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The Conservative Human Rights RevolutionEuropean Identity, Transnational Politics, and the Origins of the European Convention$
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Marco Duranti

Print publication date: 2017

Print ISBN-13: 9780199811380

Published to Oxford Scholarship Online: January 2017

DOI: 10.1093/acprof:oso/9780199811380.001.0001

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PRINTED FROM OXFORD SCHOLARSHIP ONLINE (oxford.universitypressscholarship.com). (c) Copyright Oxford University Press, 2020. All Rights Reserved. An individual user may print out a PDF of a single chapter of a monograph in OSO for personal use. date: 24 November 2020

Rethinking the ECHR’s Original Intent

Rethinking the ECHR’s Original Intent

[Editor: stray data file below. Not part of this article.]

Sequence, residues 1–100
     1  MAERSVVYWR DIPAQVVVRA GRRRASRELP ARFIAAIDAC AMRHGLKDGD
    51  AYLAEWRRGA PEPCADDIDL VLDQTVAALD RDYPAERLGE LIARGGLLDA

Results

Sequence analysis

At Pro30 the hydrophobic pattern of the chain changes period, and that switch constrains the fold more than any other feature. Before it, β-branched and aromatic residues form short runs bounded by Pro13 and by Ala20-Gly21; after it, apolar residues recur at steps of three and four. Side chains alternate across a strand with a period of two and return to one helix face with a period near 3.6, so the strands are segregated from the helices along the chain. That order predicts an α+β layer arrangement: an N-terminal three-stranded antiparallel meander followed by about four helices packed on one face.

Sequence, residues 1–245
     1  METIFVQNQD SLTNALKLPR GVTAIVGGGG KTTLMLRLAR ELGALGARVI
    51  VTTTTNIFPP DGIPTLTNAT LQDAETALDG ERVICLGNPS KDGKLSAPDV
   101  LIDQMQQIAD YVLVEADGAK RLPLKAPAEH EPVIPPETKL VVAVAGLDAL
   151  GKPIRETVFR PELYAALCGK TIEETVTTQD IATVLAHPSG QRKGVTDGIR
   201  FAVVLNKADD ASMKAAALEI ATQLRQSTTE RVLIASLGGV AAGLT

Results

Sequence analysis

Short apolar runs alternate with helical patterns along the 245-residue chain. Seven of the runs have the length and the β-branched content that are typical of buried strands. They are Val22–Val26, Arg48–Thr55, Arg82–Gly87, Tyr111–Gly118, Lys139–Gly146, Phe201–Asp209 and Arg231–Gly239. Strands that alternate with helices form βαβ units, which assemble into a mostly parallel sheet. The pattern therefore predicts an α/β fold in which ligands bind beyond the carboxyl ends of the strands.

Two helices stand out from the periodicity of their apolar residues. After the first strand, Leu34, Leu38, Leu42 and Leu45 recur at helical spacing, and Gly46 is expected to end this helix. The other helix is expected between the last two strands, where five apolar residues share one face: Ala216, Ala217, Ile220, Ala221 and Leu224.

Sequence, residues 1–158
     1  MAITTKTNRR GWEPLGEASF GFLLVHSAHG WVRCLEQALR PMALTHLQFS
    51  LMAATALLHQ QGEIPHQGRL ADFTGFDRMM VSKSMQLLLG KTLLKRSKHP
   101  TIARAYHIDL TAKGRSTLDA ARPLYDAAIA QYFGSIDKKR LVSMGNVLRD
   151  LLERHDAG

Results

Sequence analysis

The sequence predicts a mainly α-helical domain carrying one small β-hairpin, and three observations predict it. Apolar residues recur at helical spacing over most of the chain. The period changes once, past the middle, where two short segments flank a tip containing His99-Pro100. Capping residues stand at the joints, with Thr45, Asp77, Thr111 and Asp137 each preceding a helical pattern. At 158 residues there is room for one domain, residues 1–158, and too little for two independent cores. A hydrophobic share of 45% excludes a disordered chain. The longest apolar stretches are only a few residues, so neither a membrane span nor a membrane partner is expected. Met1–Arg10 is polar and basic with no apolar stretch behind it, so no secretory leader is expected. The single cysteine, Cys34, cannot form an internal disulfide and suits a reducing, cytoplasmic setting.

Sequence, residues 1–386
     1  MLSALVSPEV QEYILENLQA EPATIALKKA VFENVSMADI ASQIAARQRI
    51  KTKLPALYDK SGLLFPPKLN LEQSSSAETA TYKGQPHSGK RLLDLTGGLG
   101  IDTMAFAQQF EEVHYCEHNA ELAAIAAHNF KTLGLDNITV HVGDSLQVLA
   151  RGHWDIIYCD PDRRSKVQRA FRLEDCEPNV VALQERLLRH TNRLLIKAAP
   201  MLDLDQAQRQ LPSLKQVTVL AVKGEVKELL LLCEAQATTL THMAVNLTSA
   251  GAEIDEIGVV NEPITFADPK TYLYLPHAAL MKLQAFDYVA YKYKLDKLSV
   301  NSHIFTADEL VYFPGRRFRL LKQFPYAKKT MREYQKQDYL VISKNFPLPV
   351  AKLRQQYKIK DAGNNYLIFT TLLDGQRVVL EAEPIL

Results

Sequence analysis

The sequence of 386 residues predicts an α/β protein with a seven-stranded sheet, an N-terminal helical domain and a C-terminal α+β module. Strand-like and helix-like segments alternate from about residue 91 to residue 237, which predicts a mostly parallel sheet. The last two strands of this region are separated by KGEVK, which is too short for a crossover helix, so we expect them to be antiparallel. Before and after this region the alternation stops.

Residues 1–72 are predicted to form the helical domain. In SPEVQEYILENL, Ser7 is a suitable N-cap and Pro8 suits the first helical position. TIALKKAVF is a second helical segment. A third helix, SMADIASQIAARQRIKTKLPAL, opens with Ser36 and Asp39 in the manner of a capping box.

(p.321) 8 Rethinking the ECHR’s Original Intent
The Conservative Human Rights Revolution

Marco Duranti

Oxford University Press

This chapter considers possible objections to the book’s central arguments regarding the origins of the European Convention on Human Rights. It stresses the need to account for transnational identities, movements, and norms rather than the behavior of states alone. Contrary to the conventional wisdom, anti-communism and anti-fascism were not sufficient on their own to catalyze the creation of the European human rights system. Although the protagonists of this book did not hold uniformly conservative positions, it was the most conservative elements of their worldviews that were most decisive in this regard. The chapter concludes by evaluating the impact of the conservative human rights revolution on European human rights law today.

Keywords:   Britain, conservatism, ECHR, European Convention on Human Rights, European Court of Human Rights, human rights, France, history, international justice, international law

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